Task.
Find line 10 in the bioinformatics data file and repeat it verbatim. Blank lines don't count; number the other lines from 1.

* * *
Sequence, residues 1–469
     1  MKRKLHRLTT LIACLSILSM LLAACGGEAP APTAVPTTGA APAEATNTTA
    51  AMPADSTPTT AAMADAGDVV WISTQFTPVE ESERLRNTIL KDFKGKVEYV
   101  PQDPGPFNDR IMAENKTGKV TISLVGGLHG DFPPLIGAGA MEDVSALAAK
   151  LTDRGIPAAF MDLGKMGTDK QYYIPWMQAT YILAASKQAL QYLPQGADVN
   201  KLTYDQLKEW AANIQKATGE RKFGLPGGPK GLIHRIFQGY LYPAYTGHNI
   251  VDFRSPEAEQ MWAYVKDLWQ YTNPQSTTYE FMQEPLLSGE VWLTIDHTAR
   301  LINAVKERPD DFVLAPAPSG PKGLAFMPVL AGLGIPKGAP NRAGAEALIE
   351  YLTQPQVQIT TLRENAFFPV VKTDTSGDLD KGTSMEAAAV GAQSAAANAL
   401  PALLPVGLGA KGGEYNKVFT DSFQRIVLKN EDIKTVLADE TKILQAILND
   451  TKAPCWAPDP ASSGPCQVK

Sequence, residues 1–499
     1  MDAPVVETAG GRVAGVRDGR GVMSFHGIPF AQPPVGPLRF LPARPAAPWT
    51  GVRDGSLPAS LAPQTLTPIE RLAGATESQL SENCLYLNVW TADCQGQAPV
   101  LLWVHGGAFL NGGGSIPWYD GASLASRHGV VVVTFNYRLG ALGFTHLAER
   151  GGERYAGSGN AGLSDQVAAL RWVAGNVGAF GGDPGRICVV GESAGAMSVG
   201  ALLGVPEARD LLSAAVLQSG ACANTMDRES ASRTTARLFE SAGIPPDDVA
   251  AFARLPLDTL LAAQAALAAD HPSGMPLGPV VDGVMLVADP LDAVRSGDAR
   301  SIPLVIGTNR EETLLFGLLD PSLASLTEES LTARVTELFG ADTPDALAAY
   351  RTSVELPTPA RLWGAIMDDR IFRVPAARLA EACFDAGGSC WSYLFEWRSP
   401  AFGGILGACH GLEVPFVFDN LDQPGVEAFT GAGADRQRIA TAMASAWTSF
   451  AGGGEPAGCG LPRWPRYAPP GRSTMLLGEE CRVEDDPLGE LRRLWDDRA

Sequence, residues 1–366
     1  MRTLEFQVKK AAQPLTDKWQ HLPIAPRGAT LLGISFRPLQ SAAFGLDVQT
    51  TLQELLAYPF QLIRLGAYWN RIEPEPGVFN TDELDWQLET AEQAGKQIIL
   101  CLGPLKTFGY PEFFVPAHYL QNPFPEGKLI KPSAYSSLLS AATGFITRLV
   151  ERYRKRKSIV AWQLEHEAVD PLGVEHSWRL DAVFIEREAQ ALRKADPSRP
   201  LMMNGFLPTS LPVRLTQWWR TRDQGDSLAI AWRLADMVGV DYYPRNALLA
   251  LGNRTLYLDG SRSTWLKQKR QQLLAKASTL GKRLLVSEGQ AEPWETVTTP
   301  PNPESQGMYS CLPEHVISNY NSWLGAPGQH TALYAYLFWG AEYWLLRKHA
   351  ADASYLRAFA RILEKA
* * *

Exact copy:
   401  PALLPVGLGA KGGEYNKVFT DSFQRIVLKN EDIKTVLADE TKILQAILND